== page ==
When Grace Callwood was 7, she was diagnosed with non-Hodgkin’s lymphoma, a type of cancer. She had to miss school and take a break from her favorite hobby, dance, because her body became too weak.
Still, she found that she had enough strength to volunteer.
When she realized she couldn’t fit into her new back-to-school clothes because her cancer treatments caused her to gain weight, she donated the clothes to two girls who had lost all of their possessions in a fire.
“It gave me a good feeling,” she told KidsPost recently, “so I kept going.”
To help a hospital and a foundation for sick children, she started a lemonade stand, raising $633 in four hours. And then she decided to start a charitable group of her own: the We Cancerve Movement, a nonprofit organization that donates clothes, food and care packages to homeless, sick and foster children. In four years, the organization has helped more than 3,700 kids in and around her home town of Abingdon, Maryland.
Grace, 12, is now cancer-free. She was one of four kids honored at this year’s Nickelodeon HALO Awards, a concert special that airs Sunday and celebrates kids who are “helping and leading others.” She’s one of many kids who are trying to better their communities.
“You don’t always have to do something huge,” she said, encouraging kids to find ways to volunteer. “Just do what you can.”
Shreya Papneja, 13, started her own charitable organization after a cardiologist, or heart doctor, told her that more than one-third of kids and teens are overweight or obese. She started doing her own research and, using her programming skills, created a website to spread the word about the importance of exercise and healthful eating.
Through the Children’s Health Awareness Program in Schools, or CHAPS, she now leads presentations and nutrition workshops at schools around her home town of Herndon.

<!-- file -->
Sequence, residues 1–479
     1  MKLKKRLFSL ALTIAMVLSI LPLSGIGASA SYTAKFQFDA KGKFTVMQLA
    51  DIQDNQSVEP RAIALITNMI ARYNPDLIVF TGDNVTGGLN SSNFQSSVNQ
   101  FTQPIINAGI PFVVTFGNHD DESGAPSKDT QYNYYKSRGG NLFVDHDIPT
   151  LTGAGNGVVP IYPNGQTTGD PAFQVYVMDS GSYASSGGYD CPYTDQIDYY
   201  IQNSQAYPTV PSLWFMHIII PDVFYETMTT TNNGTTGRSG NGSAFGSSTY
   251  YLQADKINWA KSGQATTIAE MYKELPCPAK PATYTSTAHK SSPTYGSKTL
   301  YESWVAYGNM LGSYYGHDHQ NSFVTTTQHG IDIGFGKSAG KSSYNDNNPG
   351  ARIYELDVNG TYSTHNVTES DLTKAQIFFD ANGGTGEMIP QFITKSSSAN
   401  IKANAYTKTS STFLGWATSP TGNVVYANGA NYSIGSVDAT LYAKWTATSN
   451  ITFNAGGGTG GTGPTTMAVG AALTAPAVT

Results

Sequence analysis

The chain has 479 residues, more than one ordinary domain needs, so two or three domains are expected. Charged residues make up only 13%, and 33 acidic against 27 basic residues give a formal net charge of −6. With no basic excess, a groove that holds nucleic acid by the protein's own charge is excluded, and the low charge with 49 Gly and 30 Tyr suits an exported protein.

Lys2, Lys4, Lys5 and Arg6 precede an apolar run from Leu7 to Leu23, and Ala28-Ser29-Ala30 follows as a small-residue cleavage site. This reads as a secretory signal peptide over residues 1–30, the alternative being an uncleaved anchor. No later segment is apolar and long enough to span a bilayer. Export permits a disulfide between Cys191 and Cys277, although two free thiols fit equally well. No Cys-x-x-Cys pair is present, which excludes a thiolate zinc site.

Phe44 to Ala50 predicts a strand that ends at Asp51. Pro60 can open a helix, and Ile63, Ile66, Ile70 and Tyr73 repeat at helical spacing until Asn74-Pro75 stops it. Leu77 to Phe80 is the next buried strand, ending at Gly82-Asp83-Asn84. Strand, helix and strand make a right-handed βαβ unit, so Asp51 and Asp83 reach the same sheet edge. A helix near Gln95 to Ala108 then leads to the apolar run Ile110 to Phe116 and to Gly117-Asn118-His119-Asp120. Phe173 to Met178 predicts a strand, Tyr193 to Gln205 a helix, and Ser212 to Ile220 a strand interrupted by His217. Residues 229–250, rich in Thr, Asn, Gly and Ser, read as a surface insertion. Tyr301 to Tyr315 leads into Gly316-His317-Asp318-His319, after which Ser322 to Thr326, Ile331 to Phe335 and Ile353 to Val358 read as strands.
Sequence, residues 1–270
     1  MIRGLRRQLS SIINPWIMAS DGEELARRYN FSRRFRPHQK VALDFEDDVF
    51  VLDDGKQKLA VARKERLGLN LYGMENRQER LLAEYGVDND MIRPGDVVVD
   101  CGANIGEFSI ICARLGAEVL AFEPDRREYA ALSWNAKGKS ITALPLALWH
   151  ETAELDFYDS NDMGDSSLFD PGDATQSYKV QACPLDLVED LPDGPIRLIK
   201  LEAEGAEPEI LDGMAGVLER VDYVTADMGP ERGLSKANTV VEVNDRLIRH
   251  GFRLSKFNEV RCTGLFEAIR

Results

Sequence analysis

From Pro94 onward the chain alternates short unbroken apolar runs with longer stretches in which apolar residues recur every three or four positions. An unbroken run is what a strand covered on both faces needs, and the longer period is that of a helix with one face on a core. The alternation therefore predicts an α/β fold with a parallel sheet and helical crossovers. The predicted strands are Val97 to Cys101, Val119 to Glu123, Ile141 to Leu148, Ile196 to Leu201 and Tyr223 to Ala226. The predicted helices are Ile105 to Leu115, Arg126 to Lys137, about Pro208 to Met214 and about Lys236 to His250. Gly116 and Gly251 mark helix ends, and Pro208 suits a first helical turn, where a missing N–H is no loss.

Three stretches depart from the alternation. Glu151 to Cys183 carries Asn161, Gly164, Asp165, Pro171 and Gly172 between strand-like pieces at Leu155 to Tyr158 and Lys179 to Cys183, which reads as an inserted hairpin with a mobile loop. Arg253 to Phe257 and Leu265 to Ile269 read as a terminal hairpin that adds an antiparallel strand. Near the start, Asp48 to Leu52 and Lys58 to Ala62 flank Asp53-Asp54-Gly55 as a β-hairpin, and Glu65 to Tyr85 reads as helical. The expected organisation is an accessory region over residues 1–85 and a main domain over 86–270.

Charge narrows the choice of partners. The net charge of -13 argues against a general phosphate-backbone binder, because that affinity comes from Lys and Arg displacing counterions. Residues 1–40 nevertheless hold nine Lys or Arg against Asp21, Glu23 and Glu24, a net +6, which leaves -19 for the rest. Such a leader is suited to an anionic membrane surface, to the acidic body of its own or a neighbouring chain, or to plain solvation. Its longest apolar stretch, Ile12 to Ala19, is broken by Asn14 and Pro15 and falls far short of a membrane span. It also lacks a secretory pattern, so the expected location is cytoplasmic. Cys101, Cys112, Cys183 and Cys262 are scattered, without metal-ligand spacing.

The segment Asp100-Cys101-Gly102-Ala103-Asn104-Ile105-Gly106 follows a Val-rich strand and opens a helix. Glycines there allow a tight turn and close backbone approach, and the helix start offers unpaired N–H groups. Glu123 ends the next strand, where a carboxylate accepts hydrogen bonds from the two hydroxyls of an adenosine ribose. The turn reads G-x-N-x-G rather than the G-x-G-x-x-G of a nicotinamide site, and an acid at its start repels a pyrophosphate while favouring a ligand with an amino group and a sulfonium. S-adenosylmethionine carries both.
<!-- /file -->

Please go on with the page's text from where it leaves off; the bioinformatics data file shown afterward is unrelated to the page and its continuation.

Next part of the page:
“A lot of organizations out there, it’s usually an adult or an elder telling younger children” to change their habits, she told KidsPost. “But they don’t really connect as well and don’t know what children are doing right now.”
Shreya said she changed her own snacking habits as a result of her research and now eats apple slices instead of chips. “I know how hard it is to make a change,” she said.
Alyssa Mathew, 14, is trying to make a different kind of change. Two years ago, her interest in science led her to get involved in a gardening program at her school. But instead of growing apples or tomatoes, she’s growing oysters — and doing it to help the Chesapeake Bay.
“One adult oyster can filter 50 gallons of water in a day,” she explained. That helps to keep the bay’s water clean. Oysters also provide shelter for fish and other animals.
Alyssa and about 70 of her classmates at Dunloggin Middle School in Ellicott City, Maryland, are helping to bring back the bay’s oyster population, which in the past 200 years has been hurt by overharvesting, pollution and disease.
Last month, under the watch of science teachers Dan Blue and Pam Kidwell, Alyssa and other students spent about three hours checking water conditions and counting baby oysters on Kent Island, where the oysters are growing in cages alongside a dock.
She’ll return later this spring to check and clean the cages, and then to move more than 9,000 adult oysters to a protected area in the middle of the bay.
“It’s kind of a good feeling,” she said, “to know that we’ve raised these oysters and are making a difference in the water.”